A “September damp spirit” replaced “August ambition” among business leaders in the face of rising costs, the head of the CBI has said.
Tony Danker told a CBI-run online event on Thursday that businesses had been “infuriated by the tone” of the Government, which at times seemed to accused them of preferring cheap migrant labour to paying higher wages.
He said: “I’ve had calls from members all week with exactly one point which is, ‘Really? We’re doing this now? We’re not rolling up our sleeves to sort these problems?’”
However, he described the events of the last fortnight as “peak politics” that he expected to subside now party conference season had ended, saying: “Let’s see what happens on Monday.”
In his speech to the Conservative Party conference on Wednesday, Prime Minister Boris Johnson called for the UK to become a “high-wage, high-skill, high-productivity” economy, and ruled out returning to “the lever of uncontrolled immigration”.
Mr Danker told his audience on Thursday: “Every (CBI) member I’ve spoken to in the last 72 hours totally agrees with that vision.”
But on the Prime Minister’s suggestion that businesses wanted to “pull the lever of uncontrolled immigration”, he said: “If ever such a thing existed, and I don’t think it did, I honestly don’t know a business person in the country who thinks we should pull such a lever.”
He did, however, identify several obstacles to achieving the Government’s aims of bringing about a high-wage economy.
Chief among them was taxation, where he said the Labour Party was looking “better on business taxes” after shadow chancellor Rachel Reeves promised to scrap “unpopular” business rates while the Government has increased the national insurance levy.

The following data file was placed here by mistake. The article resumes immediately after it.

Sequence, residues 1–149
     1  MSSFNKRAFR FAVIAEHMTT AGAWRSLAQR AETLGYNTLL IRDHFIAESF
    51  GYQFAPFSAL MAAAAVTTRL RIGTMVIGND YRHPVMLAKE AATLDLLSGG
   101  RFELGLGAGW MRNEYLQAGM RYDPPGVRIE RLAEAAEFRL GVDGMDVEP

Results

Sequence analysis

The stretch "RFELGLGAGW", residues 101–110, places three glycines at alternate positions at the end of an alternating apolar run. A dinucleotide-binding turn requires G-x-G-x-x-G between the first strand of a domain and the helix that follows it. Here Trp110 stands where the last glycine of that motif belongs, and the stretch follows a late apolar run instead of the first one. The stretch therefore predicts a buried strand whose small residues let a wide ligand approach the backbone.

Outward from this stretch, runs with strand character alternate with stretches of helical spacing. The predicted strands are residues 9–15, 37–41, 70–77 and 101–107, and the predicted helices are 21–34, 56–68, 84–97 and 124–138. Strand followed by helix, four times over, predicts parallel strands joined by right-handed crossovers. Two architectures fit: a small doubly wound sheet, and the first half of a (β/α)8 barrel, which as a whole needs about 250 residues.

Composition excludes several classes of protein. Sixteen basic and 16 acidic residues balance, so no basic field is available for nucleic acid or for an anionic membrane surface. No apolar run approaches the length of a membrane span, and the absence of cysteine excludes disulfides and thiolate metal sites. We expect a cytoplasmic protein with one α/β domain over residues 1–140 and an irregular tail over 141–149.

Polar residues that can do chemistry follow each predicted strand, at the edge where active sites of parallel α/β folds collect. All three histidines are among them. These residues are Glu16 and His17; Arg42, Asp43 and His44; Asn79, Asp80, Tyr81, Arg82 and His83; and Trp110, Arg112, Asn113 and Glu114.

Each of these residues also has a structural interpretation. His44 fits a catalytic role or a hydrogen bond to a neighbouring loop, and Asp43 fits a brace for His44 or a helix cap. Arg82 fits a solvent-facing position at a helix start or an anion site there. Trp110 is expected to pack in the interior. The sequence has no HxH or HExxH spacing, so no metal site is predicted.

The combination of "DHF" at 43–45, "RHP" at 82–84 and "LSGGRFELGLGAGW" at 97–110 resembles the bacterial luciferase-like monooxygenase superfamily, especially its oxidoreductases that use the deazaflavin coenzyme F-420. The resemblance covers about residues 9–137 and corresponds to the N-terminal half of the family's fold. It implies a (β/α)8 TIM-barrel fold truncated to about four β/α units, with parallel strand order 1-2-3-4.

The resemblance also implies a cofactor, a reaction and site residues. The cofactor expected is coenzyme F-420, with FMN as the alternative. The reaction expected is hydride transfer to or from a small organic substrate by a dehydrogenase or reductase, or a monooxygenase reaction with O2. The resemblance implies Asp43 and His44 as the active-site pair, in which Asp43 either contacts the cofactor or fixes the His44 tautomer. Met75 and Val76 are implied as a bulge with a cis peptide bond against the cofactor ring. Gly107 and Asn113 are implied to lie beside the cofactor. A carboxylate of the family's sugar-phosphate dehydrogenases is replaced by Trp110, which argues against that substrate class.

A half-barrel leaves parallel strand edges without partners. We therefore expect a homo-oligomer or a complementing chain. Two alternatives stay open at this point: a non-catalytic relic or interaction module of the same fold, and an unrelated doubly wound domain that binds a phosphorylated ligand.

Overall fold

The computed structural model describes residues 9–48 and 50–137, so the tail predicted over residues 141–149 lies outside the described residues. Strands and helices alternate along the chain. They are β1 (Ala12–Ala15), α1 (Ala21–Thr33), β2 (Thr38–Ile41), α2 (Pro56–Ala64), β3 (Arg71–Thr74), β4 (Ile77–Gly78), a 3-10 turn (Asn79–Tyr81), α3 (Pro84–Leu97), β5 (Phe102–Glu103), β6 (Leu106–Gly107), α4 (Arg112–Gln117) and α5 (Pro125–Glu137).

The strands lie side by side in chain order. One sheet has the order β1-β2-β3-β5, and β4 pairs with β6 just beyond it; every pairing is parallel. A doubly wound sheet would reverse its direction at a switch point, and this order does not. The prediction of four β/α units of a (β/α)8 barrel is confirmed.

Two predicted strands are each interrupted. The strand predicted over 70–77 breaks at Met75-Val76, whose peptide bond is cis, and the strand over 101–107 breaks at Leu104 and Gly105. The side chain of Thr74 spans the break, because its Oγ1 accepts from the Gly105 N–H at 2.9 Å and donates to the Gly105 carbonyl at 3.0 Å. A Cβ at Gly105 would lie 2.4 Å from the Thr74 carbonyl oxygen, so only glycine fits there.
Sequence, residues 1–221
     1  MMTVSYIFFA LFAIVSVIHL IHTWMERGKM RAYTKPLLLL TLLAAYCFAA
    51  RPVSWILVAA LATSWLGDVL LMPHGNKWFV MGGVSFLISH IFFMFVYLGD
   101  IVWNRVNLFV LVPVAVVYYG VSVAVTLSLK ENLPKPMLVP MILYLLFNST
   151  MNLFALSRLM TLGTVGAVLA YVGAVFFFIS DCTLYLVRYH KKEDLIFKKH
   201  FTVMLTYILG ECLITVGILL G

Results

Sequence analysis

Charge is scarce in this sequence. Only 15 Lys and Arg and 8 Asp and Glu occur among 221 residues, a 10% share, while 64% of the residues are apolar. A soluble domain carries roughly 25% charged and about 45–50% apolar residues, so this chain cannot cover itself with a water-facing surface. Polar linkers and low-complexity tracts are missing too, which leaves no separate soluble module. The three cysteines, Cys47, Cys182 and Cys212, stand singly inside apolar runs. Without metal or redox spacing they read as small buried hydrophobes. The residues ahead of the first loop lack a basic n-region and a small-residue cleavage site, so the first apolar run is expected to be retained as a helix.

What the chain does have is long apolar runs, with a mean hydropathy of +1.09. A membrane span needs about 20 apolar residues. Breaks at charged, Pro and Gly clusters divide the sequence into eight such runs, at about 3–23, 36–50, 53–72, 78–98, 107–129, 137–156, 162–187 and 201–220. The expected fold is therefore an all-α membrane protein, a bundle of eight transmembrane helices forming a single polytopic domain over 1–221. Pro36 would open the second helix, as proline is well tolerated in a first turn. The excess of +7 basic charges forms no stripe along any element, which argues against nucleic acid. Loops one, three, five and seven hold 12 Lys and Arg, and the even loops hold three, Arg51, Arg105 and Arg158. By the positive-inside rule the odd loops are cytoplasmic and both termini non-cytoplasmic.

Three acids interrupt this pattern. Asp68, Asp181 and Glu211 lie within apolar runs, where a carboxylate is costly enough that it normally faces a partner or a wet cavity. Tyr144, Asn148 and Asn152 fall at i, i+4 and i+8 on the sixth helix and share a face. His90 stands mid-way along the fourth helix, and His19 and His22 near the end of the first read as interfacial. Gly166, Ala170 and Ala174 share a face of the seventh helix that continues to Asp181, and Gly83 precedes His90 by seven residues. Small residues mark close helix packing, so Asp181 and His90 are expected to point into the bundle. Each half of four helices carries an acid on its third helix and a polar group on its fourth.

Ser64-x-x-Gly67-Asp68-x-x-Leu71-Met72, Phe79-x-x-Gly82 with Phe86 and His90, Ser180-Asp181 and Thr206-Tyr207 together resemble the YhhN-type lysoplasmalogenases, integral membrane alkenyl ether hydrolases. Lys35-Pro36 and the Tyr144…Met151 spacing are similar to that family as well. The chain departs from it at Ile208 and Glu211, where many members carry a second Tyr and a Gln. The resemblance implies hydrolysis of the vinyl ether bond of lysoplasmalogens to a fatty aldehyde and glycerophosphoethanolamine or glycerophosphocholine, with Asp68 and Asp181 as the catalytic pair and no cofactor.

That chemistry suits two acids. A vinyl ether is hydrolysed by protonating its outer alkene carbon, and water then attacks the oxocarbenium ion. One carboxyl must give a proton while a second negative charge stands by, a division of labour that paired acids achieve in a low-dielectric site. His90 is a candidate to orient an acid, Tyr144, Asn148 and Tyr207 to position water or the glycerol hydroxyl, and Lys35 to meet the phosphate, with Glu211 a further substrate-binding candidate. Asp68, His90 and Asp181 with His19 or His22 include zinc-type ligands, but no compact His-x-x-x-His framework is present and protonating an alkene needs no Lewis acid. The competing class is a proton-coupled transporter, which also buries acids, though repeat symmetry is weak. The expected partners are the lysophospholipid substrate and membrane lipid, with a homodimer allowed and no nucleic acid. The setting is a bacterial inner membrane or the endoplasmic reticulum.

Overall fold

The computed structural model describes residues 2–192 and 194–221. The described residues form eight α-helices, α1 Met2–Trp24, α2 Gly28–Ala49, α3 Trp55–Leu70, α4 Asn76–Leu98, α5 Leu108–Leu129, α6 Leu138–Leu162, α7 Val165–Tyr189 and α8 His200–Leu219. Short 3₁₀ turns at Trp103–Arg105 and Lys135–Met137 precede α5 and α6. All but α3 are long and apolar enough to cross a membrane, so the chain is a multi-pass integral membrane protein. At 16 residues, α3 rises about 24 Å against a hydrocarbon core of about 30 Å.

Mr Danker said: “The crisis we have is every single piece of business taxation seems to be going up and I don’t think that’s a great plan for growth.”
He added that there was also “serious pressure on wages” thanks to the labour market running “hot as hell”.
But he warned price rises would follow without gains in productivity, saying some high street chains had already started looking at raising prices.
On skills, he agreed that there needed to be more investment but said the UK suffered from twin problems of not being able to tackle short-term skills shortages through rapid training and not being able to provide skills for the future.
He said: “We are wanting on digital skills, we’re really nowhere on green skills.”
In one example, he said, a further education college had had to scrap its electric vehicle maintenance course because so few people signed up and it had no financial incentive to keep the training going.
Defending the Government, Conservative MP Jo Gideon told Newsnight on Wednesday: “I am out there meeting businesses every day and I’m hearing two things: they are both enormously grateful for the support that they have from the Government during the pandemic, and also very much looking forward to being part of this massive chunk of jobs where they have support, apprenticeships and kickstart schemes to take new people on.”